Tuesday, December 23, 2014


In this season of sweet to downright saccharine messages, many of which are aimed at selling something, I want to share something I heard on the radio the other day.

It is undeniably sweet, in the best way, I think. Listen for yourself. If you're pressed for time, pick it up about 4 minutes in to skip to the best parts.

Whatever your Holiday Season looks like, have a sweet one.

Wednesday, December 10, 2014

Weak Leg Strong Leg?

Hey all! Hope you're enjoying your rides, if you're still at it. I have no doubt that most of us have one leg that is stronger than the other. Recently while riding I began feeling a noticeable difference, like my right leg was doing most of the work and my left was was just kind of coasting. In an effort to correct this, I have been consciously working harder with the weaker leg. It has only been a few days, but it already seems like relative balance has been restored.

Have any of you experienced such a thing? It's a first for me.

Yer Pal,

Saturday, November 22, 2014

On Bikeyness - A Rantwick Manifesto

Being someone who reads and writes about cycling, (particularly transportational cycling) quite a bit, I have been drawn into and yet felt an aversion for bikey lobby stuff for years. I have come to a few conclusions about myself that aren't very flattering.

I am sick and tired of trying to care about whether any more people ride bikes. I ride a bike because I love the feeling. Many others ride bikes for all kinds of reasons, some just like mine, others not so much. Beyond a generally buoyant "the more the merrier" kind of feeling, I don't care about drawing anyone else to the activity, despite the societal boons associated with it.

People will take up cycling or they won't, depending on fashions, fads, gas prices, whatever. It really doesn't matter much to me; I will be riding regardless and loving almost every moment. What follows is what I think is currently true about me. I would love to hear from you about any or all of it.

RANTWICK ' S Bikey Manifesto

I will be riding whether there are bike lanes or tracks or paths or not.

I will be riding no matter what the current price of gas is.

I like seeing others on bikes. Their choices in terms of clothing or bicycle or style or purpose are irrelevant. I'm just pleased to see them.

I believe that most (but certainly not all) cyclist fatalities and injuries are the result of errors in judgement, lack of understanding or intentional risk-taking on the part of the cyclist.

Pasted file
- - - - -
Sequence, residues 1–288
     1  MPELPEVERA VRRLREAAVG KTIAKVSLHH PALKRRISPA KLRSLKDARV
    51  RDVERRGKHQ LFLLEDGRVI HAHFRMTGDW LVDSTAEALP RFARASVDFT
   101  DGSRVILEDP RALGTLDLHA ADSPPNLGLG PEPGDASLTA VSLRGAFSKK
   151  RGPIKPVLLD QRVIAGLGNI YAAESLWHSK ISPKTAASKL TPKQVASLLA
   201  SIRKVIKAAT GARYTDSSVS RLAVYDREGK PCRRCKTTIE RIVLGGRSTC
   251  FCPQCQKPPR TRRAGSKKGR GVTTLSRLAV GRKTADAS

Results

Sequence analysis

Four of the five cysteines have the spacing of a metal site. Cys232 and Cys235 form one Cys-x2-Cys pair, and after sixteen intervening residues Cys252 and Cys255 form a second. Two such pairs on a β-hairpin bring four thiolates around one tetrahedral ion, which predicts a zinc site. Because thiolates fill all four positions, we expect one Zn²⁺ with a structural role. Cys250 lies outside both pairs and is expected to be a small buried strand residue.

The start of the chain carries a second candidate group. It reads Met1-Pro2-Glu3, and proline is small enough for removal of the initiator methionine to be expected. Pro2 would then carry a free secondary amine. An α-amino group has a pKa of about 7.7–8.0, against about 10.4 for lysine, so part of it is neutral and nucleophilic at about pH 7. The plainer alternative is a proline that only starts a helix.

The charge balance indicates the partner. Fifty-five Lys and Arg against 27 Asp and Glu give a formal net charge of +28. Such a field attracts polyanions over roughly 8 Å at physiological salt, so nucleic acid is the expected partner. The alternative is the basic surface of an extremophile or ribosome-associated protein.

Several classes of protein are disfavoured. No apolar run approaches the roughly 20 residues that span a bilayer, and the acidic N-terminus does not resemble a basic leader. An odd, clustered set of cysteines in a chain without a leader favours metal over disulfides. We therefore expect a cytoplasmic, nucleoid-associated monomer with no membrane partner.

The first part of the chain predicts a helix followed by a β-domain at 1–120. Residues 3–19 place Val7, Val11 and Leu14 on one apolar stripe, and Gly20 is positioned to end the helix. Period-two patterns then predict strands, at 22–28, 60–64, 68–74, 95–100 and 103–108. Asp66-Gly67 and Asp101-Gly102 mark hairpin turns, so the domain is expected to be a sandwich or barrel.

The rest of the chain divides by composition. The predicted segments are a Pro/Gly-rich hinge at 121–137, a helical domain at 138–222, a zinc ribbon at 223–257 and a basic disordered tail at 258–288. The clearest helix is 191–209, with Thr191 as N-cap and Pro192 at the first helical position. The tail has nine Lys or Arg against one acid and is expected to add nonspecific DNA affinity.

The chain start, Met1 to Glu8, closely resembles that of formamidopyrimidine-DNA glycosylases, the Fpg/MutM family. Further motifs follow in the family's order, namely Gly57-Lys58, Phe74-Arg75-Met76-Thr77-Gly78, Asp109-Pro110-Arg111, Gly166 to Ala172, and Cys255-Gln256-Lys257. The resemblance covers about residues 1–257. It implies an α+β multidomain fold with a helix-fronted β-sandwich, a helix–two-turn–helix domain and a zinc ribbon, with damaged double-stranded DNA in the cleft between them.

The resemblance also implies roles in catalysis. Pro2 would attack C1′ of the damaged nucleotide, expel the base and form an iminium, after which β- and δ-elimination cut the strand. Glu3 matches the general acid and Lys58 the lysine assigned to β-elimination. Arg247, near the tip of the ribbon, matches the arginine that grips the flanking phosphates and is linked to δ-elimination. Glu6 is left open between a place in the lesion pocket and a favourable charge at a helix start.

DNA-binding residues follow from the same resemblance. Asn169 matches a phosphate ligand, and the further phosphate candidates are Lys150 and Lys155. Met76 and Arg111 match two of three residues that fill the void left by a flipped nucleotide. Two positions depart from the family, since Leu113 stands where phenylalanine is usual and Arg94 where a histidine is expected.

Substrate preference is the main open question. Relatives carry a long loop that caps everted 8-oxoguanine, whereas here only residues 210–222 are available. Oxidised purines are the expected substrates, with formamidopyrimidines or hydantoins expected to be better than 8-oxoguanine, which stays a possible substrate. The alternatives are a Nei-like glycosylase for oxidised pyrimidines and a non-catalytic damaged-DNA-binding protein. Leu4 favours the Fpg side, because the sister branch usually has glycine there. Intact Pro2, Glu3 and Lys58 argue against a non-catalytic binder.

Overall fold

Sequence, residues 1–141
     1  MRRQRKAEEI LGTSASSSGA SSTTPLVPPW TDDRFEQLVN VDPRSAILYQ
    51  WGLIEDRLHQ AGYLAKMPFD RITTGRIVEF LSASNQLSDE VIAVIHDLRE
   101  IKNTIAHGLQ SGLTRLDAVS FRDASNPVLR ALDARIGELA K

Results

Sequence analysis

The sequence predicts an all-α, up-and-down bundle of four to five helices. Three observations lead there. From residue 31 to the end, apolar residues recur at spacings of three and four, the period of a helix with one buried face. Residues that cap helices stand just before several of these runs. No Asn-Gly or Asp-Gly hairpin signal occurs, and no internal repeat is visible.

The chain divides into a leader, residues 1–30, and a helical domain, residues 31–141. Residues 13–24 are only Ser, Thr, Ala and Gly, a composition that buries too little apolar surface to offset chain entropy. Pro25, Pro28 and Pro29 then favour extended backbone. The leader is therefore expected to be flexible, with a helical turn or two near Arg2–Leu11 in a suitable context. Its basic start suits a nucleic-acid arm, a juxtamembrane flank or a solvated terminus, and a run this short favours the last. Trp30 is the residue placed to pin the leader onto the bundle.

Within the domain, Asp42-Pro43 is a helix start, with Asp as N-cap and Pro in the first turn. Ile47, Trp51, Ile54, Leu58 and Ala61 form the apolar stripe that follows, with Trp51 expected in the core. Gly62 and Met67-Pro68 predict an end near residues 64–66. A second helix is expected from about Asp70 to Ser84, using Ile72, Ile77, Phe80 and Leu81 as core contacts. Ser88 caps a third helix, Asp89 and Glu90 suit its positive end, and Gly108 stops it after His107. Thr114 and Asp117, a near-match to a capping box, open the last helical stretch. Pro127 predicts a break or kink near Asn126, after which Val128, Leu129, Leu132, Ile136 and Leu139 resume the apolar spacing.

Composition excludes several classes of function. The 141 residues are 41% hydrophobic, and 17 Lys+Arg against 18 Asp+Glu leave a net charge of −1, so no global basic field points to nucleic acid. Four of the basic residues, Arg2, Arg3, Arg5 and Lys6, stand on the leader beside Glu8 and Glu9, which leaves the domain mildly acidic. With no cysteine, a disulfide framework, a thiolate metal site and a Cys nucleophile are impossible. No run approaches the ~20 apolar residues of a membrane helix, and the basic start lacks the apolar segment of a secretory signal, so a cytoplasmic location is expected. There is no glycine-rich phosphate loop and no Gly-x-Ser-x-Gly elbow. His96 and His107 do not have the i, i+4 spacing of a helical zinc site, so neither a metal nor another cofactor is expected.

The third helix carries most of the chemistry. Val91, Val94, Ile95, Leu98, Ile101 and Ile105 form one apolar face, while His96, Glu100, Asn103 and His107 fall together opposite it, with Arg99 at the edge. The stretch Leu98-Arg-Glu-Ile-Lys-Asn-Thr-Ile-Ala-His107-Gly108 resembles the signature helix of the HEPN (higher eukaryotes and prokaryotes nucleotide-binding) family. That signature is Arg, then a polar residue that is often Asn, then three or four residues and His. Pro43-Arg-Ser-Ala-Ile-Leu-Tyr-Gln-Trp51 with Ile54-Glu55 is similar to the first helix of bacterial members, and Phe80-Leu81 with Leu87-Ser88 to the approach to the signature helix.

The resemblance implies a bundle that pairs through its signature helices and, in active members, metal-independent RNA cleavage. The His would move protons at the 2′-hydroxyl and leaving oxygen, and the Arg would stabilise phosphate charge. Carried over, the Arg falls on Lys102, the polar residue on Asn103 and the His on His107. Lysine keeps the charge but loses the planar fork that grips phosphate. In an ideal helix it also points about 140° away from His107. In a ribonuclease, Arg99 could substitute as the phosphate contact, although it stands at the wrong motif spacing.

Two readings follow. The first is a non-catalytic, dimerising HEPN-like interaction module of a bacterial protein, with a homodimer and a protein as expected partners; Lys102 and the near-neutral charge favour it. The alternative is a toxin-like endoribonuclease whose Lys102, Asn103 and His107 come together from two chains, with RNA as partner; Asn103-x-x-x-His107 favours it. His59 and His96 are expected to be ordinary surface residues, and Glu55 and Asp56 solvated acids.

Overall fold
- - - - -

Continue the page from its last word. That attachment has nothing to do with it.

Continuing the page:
I enjoy driving and cars and combustion engines very much. I sometimes drive faster than I should.

I think every driver of a motor vehicle (as part of the licensing process) should have to sit on a stationary bicycle and be overtaken at 60 km/h by 3 cars, one at 3 feet away, one at 2 feet away and one just 1 foot away from their handle bars.

I will not hesitate to annoy or even anger motorists with my riding when my safety on the road is at stake.

I will endeavour not to impede other road users to the best of my ability. If I am willing to cause others to lose a little time to keep myself safe, I should also be willing to lose a little of my own sometimes in the interest of keeping everybody else safe and moving well.

I believe that moving away from our current "culture of speed" will benefit us all and that it will happen someday. However, I have little faith that I will see much of a shift in my lifetime.

I don't care what my City is doing (or not doing) about bike infra. Just give me smooth pavement and I will take care of the rest.

I resent motorists who believe their speed/convenience trumps mine. I also resent the many people on bikes who make all other cyclists look bad by doing stupid  things. I have no illusions about these types of people ever going away.

Yer Pal,

Friday, November 21, 2014

Once A Snow Face...

Hey, remember snow face? He isn't a puppy anymore, but his early love of snow certainly hasn't waned...

I've been enjoying the snow too and have been riding the new bike with the studded tires on. We are getting along very well, and so far the Nexus 8 IGH has been performing just fine, even at -10C. Enjoy your weekend, snowy or not!

Yer Pal,

Monday, November 17, 2014

Lost In Translation

I've never been much of a picture guy. That is to say, while I obviously like sharing pictures and video, I have always preferred to fully immerse myself in the nice things I see and do rather than distract myself with taking photos of them. For this reason, leaving a video camera running on my helmet is perfect, since it is passive and requires nothing from me while it is running. I get to capture stuff and immerse myself in the good moments. This approach, however, is not without its shortcomings.

Today was the first day in London Ontario when some snow accumulated and stayed. The bike path along the river was beautiful on my way in to work, with snow seeming to top even the most delicate of branches. It was like riding through a poem.

Eager to share how great it all was, I brought up the video a few moments ago, hoping to grab a snippet or a still image that might show why I was so blissed out.

What I saw however, was a grey wet snowy morning from a bicyclist's point of view. The trees looked nice, sure, but the grey sky and slushy sounds made it all seem kind of cold and miserable. My reality in the ride was anything but; I was warm and comfortable and having a wonderful time, on my way to work of all things!

I probably won't change my approach, but I'm gaining an even greater respect for all the careful photographers out there. You are trying to capture things such that you convey as much of their wonder and beauty as possible... thanks for that. This morning I wish I had stopped to try and do the same, since so much was lost in translation.